In a paper published online last month in the American Journal of Dental Research, researchers from the University of California, Los Angeles (UCLA) and the University, California, San Diego (UCSD) found that people who had good dental health and good oral health were less likely to develop dental caries.
Their study, which involved 1,500 adults in the United States and 2,100 adults in India, examined dental carie prevalence in the teeth of 1,527 adults.
They compared the results to a nationwide sample of more than 1 million people.
What they found was that dentin prevalence was lower among people with a healthy oral health history and a history of good dental hygiene.
The team also looked at the relationship between dental cariedness and dental hygiene in the dental population.
According to the study, the more teeth a person had, the lower their dental cariousness was, while those with a low dental carying history were more likely to have poor oral health and poor dental hygiene compared to those with dental cariance.
Dentists and dentists’ organizations have long warned about the importance of having good oral hygiene.
But the new study shows that dentists, dentists and their patients are just as likely to think of oral health as dental health, said Dr. David W. Smith, a professor of oral and maxillofacial surgery at the University at Buffalo, New York.
“Dentistry is not just a profession,” Smith said.
“Dentist patients are also the ones who have to make decisions about what they want for their teeth and what their teeth are supposed to look like.”
But it’s important to remember that dentistry is still only part of dental health.
People who have good oral and dental health are also at greater risk for developing dental cariabilities and for having caries on their teeth, said W. Scott Anderson, director of the Center for Health, Health Services and Wellness Research at the College of William and Mary in Virginia.
“People who have a lot of cavities, especially when it comes to the upper teeth, may be at a higher risk of developing dental issues,” Anderson said.
However, dental health is only one part of oral care.
Dentists should also be mindful of the impact of other dental health problems on oral health, he said.
For example, people who have more tooth decay and less overall dental health should also consider other dental conditions, including dental infections, he added.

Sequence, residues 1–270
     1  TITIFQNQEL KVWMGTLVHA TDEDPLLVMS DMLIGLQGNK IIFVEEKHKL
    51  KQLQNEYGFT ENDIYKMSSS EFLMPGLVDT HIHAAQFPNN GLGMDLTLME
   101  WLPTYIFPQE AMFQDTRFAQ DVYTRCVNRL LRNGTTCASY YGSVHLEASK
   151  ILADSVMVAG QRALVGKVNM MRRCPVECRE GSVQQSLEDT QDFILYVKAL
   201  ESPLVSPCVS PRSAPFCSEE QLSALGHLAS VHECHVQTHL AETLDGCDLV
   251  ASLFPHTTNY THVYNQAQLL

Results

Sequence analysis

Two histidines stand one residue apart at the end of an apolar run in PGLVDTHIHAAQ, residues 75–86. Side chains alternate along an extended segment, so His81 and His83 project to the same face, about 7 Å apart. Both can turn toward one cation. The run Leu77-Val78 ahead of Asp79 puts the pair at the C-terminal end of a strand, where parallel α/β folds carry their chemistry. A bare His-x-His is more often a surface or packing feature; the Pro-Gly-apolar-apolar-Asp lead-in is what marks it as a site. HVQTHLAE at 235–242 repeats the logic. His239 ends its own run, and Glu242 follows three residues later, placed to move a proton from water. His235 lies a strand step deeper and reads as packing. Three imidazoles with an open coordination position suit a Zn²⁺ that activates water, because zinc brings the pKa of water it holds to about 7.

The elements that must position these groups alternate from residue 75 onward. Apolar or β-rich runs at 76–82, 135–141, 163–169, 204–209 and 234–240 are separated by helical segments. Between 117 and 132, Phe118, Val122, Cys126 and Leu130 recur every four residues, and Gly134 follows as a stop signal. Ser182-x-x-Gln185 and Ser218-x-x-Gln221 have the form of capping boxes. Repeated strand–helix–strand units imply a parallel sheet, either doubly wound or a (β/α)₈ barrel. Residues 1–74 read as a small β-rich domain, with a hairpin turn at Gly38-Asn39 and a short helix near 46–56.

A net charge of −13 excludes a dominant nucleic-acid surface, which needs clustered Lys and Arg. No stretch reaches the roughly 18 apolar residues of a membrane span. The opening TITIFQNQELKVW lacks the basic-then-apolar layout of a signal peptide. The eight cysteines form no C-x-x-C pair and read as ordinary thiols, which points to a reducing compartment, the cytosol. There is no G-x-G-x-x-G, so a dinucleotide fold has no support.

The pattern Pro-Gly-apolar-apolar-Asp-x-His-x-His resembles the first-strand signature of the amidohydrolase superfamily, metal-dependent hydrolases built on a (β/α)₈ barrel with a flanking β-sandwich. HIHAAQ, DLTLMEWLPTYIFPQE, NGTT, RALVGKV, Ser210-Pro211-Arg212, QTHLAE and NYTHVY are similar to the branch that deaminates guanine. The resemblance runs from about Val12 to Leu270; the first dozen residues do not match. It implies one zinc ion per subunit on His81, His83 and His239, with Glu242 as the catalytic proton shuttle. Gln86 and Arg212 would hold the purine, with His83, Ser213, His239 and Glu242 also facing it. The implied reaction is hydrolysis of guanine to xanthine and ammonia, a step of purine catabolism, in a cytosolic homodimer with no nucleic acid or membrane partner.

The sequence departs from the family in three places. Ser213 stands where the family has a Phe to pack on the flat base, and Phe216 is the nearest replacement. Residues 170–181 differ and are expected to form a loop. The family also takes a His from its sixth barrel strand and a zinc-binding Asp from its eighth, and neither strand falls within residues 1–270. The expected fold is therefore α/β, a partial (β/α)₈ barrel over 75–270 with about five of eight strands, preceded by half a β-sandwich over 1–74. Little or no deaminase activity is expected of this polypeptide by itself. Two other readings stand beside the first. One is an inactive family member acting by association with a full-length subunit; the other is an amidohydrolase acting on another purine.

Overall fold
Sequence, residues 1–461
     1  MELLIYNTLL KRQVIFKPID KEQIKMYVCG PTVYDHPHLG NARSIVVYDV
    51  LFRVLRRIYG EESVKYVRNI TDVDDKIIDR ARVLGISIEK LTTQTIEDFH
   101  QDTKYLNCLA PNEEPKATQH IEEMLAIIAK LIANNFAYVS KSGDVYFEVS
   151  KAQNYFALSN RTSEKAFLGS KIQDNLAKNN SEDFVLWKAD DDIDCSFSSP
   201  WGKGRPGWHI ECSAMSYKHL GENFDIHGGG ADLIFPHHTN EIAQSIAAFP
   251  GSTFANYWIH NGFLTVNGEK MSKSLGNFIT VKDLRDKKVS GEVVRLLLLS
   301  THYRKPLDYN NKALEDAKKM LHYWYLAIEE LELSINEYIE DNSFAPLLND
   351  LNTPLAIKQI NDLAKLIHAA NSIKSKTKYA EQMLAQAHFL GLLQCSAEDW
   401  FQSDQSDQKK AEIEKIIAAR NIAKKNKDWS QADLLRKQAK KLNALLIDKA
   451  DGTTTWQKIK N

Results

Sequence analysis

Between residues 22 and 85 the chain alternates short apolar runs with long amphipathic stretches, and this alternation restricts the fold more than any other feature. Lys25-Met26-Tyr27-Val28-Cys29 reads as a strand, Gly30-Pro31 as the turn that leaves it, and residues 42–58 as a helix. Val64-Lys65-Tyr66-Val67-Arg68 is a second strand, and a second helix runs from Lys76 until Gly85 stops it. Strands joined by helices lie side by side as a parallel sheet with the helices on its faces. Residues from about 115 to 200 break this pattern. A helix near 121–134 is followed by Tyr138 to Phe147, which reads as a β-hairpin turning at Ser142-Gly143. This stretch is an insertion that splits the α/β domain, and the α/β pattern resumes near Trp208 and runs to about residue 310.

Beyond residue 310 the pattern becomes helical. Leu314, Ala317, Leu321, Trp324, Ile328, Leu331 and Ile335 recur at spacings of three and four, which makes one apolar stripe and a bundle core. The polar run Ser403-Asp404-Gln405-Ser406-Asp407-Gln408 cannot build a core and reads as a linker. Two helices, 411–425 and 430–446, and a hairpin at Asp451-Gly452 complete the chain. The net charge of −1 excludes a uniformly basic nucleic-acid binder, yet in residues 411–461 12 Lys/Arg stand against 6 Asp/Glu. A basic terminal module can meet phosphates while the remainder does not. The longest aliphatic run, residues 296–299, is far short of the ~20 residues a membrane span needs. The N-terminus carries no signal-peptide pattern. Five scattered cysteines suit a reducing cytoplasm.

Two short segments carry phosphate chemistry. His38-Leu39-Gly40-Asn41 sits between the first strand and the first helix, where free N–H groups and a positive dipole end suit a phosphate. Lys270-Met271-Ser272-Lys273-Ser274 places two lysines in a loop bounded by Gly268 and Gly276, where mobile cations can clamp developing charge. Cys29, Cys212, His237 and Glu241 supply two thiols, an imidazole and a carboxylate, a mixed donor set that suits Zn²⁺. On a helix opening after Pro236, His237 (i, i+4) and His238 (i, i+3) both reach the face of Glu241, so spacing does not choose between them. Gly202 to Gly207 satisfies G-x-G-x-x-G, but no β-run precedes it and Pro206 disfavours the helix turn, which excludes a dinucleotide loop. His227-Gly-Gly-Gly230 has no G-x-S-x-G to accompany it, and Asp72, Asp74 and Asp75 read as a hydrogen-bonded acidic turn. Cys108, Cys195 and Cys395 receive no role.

Dr. Christopher M. Hameroff, a dentistry professor at the Icahn School of Medicine at Mount Sinai in New York City, said that dental carias have a number of causes.
For example: “Dental caries can result from many different things, including poor diet, smoking, poor hygiene, poor dental health or any other cause,” he said in a statement.
Hameroff added that dentist-diagnosed caries may have no symptoms, but they could cause problems for a patient with poor oral hygiene and poor oral care, which may be related to their general health.
“They may be the reason you don’t get cavities,” he explained.
People with dental problems may also be at increased risk for tooth decay.
Researchers have shown that people with poor dental care are more likely than those with good dental care to develop caries, including those with high levels of tooth decay, according to the American Dental Association.
People with tooth decay may also have dental caria that is more likely in people who eat processed foods, like processed meat, and processed sugars, such as sweetened drinks and candies, as well as processed meats, such a hamburger, a cheeseburger, pizza, pasta, baked goods and pasta sauces, the American College of Donteticians wrote in a 2011 dental health bulletin.
The study also found that tooth decay rates were highest among people living in urban areas and that people living near factories or other factories were more prone to caries than those living in more rural areas.
And while dental carioablity may not be the only cause of dental problems, the study found that dental conditions that can increase dental cariosis are linked to increased risk of dental carios.
“This is a very good finding,” said Dr, Robert E. Riggs, a dental hygienist at The Hospital for Sick Children, New Orleans.
“If you have dental health issues and poor teeth, it’s a good indication that there is something wrong with your mouth and you need to see a dentist.”
Read the study in the latest issue of The American Journal: Dentistry.